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Do Mercedes troubles stretch back to departure of key personnel?

The troubles at Mercedes have been well documented as the team struggles to get a grip of the 2022 'new era' regulations. But was their fate sealed in the run up to this radical regulation change?

Between the 2021 and 2022 Formula 1 season's there was a massive change for Mercedes. As F1 ushered in new regulations, big changes were also underway behind the scenes at the eight-time Constructors' Champions. Numerous senior personnel have either departed or been reassigned to new roles within the wider Mercedes AMG Group, many of whom were responsible for their unstoppable dominance between 2014 and 2021. Given that F1 has undergone one of the most radical changes in regulations since 2017, is it any coincidence that these changes behind the scenes have had an impact on the teams ability to perform on track? RacingNews365.com takes a look at all the key personnel changes that have happened in the last four years at Mercedes.

James Allison

Midway through the 2021 in April is was announced that James Allison would be moved over to become Chief Technical Officer of the Mercedes AMG group. Allison's new role meant stepped away from his position as Technical Director, being replaced by his deputy Mike Elliott. Since 2021, Allison's involvement with their F1 operations has been minimal, as he has been the technical lead of Ben Ainslie's Ineos Team UK Britannia America's Cup team. Although the project for Mercedes 2022 car started under Allison in 2020, the team has still presided over a car concept that has nerfed their competitiveness back to their pre-2014 form. Elliott admitted how the team made a single 'mistake' that compromised their 2022 car , but now the team is left stumped as customer team Aston Martin outperform them on track with a car that was designed using their wind tunnel facilities.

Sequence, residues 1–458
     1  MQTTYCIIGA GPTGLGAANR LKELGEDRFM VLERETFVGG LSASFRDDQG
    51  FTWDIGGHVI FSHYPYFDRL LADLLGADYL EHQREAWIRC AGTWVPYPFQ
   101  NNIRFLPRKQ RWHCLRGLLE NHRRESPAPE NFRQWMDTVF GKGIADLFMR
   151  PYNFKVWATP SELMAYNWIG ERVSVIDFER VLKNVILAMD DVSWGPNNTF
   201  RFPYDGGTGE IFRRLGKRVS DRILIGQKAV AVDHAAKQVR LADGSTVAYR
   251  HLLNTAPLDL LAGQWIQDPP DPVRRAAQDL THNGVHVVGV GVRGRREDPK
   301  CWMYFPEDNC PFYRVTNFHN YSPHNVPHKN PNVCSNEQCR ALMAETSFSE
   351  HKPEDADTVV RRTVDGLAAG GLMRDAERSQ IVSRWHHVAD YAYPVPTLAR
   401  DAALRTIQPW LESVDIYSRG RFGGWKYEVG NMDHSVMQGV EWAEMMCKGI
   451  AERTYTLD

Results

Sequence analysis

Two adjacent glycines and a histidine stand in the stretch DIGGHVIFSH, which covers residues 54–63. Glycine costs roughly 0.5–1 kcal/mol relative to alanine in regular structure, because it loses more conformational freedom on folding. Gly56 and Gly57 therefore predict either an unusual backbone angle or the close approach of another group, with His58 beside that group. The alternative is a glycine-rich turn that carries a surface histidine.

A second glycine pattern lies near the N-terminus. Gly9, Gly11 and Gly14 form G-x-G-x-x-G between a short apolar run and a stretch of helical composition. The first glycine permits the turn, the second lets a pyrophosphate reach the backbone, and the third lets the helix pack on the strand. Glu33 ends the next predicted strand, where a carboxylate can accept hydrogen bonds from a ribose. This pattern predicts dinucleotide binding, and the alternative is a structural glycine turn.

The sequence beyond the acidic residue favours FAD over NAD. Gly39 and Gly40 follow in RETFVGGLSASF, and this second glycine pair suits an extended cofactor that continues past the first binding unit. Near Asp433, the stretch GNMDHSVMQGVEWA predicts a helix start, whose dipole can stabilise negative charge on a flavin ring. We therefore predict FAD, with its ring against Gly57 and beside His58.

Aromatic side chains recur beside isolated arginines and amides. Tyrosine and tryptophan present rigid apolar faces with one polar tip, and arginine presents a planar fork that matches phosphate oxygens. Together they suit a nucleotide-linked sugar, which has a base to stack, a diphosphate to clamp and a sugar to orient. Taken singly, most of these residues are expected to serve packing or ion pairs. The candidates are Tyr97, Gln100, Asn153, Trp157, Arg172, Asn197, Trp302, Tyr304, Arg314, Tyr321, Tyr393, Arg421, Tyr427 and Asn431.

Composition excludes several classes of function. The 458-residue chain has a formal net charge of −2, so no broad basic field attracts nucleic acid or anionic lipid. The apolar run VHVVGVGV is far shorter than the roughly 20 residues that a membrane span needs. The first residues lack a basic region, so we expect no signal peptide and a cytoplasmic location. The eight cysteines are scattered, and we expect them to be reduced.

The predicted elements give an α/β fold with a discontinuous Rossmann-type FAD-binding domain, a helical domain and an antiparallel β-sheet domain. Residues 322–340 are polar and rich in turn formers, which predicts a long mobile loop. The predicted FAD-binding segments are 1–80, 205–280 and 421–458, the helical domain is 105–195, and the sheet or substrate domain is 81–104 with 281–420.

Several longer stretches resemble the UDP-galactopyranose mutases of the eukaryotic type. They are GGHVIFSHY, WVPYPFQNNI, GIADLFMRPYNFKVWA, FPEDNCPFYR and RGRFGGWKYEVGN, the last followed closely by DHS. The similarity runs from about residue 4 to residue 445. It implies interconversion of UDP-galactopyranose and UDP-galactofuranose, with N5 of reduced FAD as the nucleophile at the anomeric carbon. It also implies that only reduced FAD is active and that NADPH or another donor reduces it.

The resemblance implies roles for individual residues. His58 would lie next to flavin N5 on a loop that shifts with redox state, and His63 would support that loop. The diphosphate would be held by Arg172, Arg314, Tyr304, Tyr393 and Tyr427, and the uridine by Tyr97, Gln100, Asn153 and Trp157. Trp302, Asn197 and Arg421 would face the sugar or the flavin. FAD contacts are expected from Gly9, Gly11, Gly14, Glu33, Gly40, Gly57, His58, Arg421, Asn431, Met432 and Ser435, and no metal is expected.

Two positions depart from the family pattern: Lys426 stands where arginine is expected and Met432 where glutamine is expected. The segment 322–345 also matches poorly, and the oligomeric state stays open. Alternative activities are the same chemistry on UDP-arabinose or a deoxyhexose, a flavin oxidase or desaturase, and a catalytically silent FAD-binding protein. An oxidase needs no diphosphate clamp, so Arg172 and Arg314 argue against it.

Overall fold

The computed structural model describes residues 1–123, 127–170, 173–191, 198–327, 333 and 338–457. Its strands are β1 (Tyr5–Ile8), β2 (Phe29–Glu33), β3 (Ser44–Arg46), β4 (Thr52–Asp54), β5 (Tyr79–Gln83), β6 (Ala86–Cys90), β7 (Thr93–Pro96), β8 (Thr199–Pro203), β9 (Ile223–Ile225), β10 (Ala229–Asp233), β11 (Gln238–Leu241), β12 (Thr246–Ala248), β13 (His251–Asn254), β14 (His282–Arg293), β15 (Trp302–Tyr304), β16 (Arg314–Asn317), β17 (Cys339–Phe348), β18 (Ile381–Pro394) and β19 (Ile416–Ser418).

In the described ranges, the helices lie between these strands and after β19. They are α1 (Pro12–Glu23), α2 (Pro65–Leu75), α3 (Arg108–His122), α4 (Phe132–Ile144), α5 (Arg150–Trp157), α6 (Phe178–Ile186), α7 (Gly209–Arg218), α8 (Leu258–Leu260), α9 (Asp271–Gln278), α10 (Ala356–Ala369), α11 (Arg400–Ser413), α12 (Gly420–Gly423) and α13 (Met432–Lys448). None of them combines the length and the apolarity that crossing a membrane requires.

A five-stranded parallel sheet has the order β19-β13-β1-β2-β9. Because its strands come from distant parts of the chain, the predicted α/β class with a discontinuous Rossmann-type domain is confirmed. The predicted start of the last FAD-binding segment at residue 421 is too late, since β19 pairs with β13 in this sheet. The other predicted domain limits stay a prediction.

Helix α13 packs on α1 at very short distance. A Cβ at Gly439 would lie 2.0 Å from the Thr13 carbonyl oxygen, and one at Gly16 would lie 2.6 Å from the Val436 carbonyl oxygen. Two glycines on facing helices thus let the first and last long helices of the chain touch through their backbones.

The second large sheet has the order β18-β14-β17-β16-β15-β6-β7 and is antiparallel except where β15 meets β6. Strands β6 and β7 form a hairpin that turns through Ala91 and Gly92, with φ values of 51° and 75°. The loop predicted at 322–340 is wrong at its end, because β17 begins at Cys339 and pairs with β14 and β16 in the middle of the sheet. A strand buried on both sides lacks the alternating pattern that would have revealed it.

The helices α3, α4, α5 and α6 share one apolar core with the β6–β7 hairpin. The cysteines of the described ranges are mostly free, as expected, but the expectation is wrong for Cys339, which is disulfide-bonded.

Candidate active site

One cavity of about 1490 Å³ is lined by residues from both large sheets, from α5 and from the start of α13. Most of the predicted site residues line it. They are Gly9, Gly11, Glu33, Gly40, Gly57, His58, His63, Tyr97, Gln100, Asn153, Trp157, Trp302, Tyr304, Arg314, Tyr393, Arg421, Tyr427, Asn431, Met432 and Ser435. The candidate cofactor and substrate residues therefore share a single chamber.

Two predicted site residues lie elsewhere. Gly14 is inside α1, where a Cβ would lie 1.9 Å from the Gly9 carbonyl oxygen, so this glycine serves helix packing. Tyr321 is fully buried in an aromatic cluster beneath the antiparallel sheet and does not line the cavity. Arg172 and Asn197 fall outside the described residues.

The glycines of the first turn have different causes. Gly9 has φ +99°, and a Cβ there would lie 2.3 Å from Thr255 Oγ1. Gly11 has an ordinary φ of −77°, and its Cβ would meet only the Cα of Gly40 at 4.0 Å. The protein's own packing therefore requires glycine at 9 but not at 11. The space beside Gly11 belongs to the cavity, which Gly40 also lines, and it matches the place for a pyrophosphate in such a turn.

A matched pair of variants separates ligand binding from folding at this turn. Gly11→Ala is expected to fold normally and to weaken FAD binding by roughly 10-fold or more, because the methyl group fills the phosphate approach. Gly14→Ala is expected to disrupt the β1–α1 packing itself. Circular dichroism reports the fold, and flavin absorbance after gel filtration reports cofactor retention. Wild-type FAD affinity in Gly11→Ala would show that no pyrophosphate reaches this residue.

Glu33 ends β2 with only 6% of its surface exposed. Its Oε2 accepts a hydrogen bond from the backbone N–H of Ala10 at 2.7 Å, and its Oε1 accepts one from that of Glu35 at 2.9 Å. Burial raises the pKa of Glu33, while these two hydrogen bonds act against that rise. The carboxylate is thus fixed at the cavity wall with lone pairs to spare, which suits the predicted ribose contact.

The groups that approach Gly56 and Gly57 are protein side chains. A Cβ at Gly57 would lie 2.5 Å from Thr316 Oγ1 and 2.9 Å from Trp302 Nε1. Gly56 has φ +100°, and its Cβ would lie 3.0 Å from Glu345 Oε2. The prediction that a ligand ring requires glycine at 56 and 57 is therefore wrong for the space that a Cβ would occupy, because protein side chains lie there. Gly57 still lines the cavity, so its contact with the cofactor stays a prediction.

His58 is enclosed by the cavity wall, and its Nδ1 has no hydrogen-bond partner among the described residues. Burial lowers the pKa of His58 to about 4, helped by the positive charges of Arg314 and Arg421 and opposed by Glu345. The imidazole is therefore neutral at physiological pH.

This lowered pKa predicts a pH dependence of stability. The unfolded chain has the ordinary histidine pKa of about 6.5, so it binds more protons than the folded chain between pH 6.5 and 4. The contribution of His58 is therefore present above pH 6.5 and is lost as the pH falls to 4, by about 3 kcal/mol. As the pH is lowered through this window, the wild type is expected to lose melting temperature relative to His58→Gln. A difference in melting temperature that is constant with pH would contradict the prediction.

Aldo Costa

One of the leading figures behind Mercedes success throughout the hybrid era, Aldo Costa, left his position as Engineering Director in 2019 to join Italian chassis-maker Dallara. Team boss Toto Wolff described him as a "pillar of the team" when he left, and although it was before work on the 2022 regulations began, Costa is known for being one of the most successful engineers prior to his time at Mercedes having worked at Ferrari during the Schumacher dominance era. He was replaced by John Owen, who currently leads the tech engineering group reporting to Mike Elliott. Owen has been with the team since 2007 when it was Honda, having previously worked at Sauber.

Andy Cowell

By all intents Mercedes power unit reliability has been bulletproof in the last couple of seasons. The team nearly had a 100% record in 2022 had it not been for Lewis Hamilton's retirement at the Belgium Grand Prix, after the team admitted the contact with Fernando Alonso on the opening lap destroyed his power unit. One of the key figures behind their power unit success was Andy Cowell, who left the team in June 2020 and was succeeded by his deputy Hywel Thomas. But while their power units have been the most reliable on the grid, it appears both Honda and Ferrari have overtaken them in performance. The changeover to E10 fuels in 2022 had a significant impact on how engine-makers approached the year, given that they are also limited to only making changes that are for reliability purposes. The performance of Mercedes engine customers Williams and Aston Martin in Bahrain suggest they has got back on top of their performance deficit, but it was a worrying sign for a team that has been unstoppable in the hybrid era.

James Vowles

The most recent high profile departure at Mercedes was former Chief Strategist James Vowles, who Wolff admitted would have had to unseat him as team boss to progress further up in the organisation. Instead Vowles has taken up the role as a rival to Wolff on the grid by joining Mercedes power unit customer Williams as Team Principal. Vowles role at Mercedes went beyond sorting the strategy for the races, he was also a key member that helped out with identifying their young driver talent and other strategical areas of the business. He was also one of the original 'Brackley Boys' having joined them in 2001, seeing the team through the various incarnations including BAR, Honda, and Brawn. Wolff said he was "comfortable" that Vowles departure will not leave a "big weakness" in the team having created a revised strategy structure, however his experience will be valuable through this turbulent time.

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